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Unformatted text preview: SOLUTIONS TO HW AND SELECTED CHAPTER 6 QUESTIONS 6-10 a. Payments that represent alimony are deductible for A.G.I. by the payor and taxable income to the payee. Child support payments are nondeductible personal expenses and nontaxable income to the recipient. [See Examples 33 through 39] b. For payments to qualify as child support, they must be a specific fixed amount, paid solely for the support of minor children (under age 21), and payable by decree, instrument, or agreement. If all three requirements are not met, the payments are treated as alimony with no part considered to be child support. In the current arrangement, the entire amount would be deductible by the husband and taxable income for the wife. (See Example 38) c. Many divorce agreements require that (1) periodic cash payments be made by one party to the other and (2) title to specified assets be transferred from one party to the other. Tax implications of cash payments are given in b above. When title to assets is transferred, (1) the recipient has no taxable income and the bases in the assets (or portion of an asset) not previously owned transfers with the property, and (2) neither party recognizes any gain or loss. These varying tax results allow for considerable tax-planning when negotiation is possible. For discussion purposes, it is assumed the husbands marginal tax rate is 28 percent and the wifes is 15 percent after changes to the agreement made below. (See Example 61) 1. One possible option is to increase the amount of the periodic payment and allocate most or all of it to alimony rather than child support. All of it is treated as alimony if no specific dollar amount is assigned to child care. This benefits both the husband and wife because every $100 of alimony has an after-tax cost to the husband of $72 and an after-tax benefit to the wife of $85. In contrast, his after-tax cost of $85 of child care is $85 and her benefit is $85. Thus, her situation remains the same and he saves $13 with the change. 2. Another available option is to transfer title of more income-producing property to the wife and decrease periodic payments. In this situation, the taxable income from the property is taxed at the wifes lower marginal rate. This achieves the same tax effect as alternative (1) above. Of course, the property transferred should have taxable income and not be tax-exempt or tax-deferred. 3. Any property to be sold should be transferred to the party with the lower marginal tax rate (and possibly to one of the children). 6-14 a. When no amount is specifically assigned to a non-competition agreement, the entire amount is for goodwill. Thus, the allocation as stated would result in $40,000 capital gain to the seller and a deductible business expense (amortized ratably over a period of 15 years) to the purchaser. (See Example 49) b. Because amounts assigned to a non-competition clause are included in ordinary income, the seller may be reducing his tax liability with the current arrangement (where all of the $40,000 is considered...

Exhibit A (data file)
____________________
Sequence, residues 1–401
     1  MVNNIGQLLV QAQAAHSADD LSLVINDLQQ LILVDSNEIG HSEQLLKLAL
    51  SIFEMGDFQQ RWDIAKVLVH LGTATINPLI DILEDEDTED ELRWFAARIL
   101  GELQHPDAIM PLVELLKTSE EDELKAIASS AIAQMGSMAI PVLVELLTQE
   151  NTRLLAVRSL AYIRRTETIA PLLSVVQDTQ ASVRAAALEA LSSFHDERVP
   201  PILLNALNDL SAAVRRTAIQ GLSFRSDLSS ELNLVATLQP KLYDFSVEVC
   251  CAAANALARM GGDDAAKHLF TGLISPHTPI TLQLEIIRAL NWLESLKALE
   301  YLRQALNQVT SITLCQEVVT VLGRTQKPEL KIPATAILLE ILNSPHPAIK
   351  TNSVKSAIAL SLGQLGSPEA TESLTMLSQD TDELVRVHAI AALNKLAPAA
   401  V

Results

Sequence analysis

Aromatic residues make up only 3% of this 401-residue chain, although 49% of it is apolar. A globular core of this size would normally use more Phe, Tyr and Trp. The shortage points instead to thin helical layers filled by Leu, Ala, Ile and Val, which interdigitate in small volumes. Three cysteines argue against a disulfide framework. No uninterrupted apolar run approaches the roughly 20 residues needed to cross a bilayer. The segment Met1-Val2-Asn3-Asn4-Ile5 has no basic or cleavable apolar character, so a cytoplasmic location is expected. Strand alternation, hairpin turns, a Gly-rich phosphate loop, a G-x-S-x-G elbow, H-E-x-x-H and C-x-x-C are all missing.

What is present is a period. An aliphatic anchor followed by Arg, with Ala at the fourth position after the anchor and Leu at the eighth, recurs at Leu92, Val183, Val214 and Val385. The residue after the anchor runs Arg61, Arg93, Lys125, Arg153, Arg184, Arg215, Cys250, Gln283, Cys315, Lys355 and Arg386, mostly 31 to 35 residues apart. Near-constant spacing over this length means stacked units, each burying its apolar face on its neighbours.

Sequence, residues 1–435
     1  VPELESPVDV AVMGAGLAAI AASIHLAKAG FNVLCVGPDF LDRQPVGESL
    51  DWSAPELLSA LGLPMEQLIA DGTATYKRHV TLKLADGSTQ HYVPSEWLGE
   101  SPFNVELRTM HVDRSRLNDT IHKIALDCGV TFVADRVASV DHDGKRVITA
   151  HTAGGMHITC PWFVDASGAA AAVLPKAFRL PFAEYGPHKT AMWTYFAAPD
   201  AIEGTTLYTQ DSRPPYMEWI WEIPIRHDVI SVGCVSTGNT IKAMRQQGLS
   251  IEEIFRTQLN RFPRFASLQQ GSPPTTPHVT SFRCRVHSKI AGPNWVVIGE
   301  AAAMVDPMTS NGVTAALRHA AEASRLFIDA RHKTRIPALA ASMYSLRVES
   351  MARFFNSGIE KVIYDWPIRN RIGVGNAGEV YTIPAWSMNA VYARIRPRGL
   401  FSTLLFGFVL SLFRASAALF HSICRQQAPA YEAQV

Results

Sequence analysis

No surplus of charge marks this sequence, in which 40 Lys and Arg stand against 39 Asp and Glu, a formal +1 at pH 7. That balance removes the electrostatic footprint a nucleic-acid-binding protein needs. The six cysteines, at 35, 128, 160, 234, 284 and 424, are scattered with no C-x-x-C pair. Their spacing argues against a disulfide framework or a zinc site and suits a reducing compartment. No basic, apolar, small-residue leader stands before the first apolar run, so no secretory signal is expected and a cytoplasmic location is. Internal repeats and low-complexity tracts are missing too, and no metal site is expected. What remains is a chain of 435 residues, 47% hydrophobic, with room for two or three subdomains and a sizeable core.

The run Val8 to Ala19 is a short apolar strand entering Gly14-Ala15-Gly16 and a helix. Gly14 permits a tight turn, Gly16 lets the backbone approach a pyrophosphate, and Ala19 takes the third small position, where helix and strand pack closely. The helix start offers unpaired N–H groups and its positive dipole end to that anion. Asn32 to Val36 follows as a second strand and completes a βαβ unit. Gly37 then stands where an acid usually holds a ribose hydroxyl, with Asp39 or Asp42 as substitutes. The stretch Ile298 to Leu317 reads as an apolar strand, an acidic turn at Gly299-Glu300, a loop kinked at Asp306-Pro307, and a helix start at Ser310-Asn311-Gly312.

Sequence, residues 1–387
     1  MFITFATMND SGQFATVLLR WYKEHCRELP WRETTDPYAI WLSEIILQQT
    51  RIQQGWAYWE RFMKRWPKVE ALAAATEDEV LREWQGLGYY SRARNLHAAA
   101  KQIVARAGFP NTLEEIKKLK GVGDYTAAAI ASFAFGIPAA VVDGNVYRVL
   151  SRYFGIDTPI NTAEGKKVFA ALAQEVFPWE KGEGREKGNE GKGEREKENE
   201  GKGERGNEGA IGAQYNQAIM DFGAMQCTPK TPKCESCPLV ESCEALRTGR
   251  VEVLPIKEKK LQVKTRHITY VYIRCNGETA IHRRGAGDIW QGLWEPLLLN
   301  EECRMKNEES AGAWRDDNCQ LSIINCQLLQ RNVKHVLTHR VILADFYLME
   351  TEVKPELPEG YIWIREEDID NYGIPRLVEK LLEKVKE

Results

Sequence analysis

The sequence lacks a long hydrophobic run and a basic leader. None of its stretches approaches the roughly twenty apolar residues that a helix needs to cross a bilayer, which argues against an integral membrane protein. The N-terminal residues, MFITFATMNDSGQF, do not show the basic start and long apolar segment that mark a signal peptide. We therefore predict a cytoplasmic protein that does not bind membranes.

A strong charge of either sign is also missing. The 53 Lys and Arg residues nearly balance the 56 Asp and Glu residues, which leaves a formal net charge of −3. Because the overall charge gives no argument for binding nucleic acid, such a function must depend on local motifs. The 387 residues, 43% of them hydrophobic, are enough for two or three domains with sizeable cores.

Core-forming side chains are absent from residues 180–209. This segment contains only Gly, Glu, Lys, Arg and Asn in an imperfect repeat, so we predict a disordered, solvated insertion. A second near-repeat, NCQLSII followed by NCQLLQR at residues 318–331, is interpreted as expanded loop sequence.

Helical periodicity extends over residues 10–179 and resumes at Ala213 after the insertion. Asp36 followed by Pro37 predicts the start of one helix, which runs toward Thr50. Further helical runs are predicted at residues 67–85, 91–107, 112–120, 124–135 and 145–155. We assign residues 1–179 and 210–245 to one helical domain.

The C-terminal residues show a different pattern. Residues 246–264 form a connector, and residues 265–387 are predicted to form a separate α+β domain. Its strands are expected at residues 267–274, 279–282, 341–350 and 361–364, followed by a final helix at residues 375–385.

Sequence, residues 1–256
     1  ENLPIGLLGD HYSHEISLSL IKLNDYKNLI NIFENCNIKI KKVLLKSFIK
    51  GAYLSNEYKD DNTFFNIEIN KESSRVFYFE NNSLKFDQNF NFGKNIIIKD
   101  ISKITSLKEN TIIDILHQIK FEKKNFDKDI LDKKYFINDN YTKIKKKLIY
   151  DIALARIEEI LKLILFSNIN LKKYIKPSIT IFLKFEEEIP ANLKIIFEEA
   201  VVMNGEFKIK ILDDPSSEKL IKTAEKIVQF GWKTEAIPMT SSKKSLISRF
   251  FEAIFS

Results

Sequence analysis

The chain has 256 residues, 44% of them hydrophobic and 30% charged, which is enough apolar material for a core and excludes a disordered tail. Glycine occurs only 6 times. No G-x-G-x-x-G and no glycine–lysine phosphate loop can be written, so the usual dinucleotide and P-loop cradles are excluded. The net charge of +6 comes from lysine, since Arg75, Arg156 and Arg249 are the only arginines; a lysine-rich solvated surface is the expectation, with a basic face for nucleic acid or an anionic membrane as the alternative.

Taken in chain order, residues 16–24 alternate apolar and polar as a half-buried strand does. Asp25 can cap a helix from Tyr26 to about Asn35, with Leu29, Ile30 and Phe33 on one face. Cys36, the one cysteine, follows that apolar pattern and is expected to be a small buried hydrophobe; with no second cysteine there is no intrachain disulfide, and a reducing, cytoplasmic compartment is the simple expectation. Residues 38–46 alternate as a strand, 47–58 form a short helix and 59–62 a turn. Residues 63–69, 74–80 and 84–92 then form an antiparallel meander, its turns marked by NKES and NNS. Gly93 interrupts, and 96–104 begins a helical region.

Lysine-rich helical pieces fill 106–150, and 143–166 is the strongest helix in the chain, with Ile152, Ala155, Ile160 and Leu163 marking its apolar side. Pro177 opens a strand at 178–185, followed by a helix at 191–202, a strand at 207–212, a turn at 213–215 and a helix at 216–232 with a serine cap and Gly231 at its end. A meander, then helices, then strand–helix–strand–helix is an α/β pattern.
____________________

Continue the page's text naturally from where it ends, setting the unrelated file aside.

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This note was uploaded on 09/26/2011 for the course BA 101 taught by Professor Jackson during the Summer '06 term at University of Nevada, Las Vegas.
- Summer '06